|Foresight CommitteeDepartment of Trade and Industry
Office of Science & Technology
1 Victoria Street
T: 02072155000 F: 02072156715
Deputy Director Andrew Jackson
Foresight was launched by the government in 1994 "to help people in business academia and government take account of the future in the decisions they make today."
The Financial Services Foresight Reports were published in 2000
The idea was to investigate the face of banking in 2010 - lots of speculation, but the financial services interests present were mainly interested in future profit margins, and seemed mainly to promote the end of cheque clearing, the need for more consumer 'education' in the need for financial products, the end of funding for health care, old age care etc.. some speculation as to where the funding could come from - general (financial services) agreement that there was a substantial reserve of unmortgaged property out there that was worth exploiting...
Also general belief that face to face services would cease and 'on line' would be the way - reducing overheads and maximising profit
NABICs views were:
The process is skewed because those contributing to this influential survey are either large institutions supported by substantial research and presentational resources who can promote their own prejudiced view of the future - or small groups or individuals who can have nothing like the same impact on the discussions.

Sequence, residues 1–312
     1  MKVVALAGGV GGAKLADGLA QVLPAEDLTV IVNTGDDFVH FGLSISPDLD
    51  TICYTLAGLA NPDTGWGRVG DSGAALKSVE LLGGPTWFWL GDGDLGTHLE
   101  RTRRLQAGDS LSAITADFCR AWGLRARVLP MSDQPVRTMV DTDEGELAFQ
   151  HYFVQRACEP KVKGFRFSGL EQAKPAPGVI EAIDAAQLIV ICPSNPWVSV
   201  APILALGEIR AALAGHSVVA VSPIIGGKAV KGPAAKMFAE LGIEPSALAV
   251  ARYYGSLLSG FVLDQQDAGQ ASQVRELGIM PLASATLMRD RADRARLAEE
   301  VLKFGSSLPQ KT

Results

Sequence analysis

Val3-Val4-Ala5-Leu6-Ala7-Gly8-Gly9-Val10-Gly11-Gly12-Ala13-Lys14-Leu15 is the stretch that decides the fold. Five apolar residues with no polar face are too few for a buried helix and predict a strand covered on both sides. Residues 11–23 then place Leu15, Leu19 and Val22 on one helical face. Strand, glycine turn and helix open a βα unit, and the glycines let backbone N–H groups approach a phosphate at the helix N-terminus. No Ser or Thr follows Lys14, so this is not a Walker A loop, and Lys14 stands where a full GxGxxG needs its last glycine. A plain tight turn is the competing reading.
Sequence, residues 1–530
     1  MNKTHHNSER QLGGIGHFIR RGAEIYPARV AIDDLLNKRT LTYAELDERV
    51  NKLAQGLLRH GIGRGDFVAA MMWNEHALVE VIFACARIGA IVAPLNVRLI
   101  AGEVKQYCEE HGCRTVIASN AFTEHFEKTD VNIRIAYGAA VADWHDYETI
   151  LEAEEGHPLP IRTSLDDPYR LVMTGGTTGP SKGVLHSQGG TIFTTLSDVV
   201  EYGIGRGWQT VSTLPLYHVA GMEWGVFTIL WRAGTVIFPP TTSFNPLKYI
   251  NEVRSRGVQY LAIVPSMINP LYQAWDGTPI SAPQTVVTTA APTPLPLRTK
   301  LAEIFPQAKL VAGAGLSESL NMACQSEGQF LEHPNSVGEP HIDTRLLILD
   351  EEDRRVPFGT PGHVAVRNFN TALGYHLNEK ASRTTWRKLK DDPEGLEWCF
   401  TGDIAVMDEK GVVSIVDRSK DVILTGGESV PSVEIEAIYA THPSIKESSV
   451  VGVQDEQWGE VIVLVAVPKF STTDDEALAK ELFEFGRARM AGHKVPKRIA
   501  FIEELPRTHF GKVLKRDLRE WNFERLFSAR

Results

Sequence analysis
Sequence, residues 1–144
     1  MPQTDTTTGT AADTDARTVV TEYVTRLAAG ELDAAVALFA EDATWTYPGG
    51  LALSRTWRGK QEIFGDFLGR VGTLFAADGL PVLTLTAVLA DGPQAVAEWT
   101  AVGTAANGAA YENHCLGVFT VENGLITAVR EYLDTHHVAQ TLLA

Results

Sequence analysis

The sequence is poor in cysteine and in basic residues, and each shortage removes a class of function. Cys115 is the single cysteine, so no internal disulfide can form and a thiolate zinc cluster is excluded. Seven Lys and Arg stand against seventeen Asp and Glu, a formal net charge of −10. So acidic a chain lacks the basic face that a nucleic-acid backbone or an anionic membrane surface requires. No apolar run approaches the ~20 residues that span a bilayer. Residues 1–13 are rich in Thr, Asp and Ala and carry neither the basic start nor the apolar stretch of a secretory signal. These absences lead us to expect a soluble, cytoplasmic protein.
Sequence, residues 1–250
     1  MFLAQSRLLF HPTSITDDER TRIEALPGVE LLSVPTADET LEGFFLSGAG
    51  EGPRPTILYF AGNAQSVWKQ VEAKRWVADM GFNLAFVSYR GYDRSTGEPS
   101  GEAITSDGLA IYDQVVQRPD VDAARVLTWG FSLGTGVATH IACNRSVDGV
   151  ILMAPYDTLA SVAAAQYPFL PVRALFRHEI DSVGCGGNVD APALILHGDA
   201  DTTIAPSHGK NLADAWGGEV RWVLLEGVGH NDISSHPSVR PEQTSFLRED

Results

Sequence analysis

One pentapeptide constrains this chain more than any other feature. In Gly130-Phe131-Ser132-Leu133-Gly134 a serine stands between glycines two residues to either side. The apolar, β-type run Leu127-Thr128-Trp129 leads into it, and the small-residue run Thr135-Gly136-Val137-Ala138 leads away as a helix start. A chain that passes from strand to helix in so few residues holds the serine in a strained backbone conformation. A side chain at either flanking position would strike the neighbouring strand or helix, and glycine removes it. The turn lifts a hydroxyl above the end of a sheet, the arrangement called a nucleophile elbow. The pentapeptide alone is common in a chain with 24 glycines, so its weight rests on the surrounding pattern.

That rather than produce 'one off' views like the Financial Services report, the Internet would allow an ongoing discussion that could present a rolling live summary preview of conditions in 10 years.
Face to face services will continue to be required alongside remote banking. Cheques will continue to be used by both small business and individuals unless secure cheap and reliable alternatives are available.
Customers should not be expected to educate themselves to buy the right product - the market should be selling simple and cost effective protections.
The financial services contribution to the report boils down to a request to maintain a profitable monopoly on the provision of ever more complex services - the real consumer need is for greater competition and real control. The reality should be somewhere in between.
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Last update 08-05-04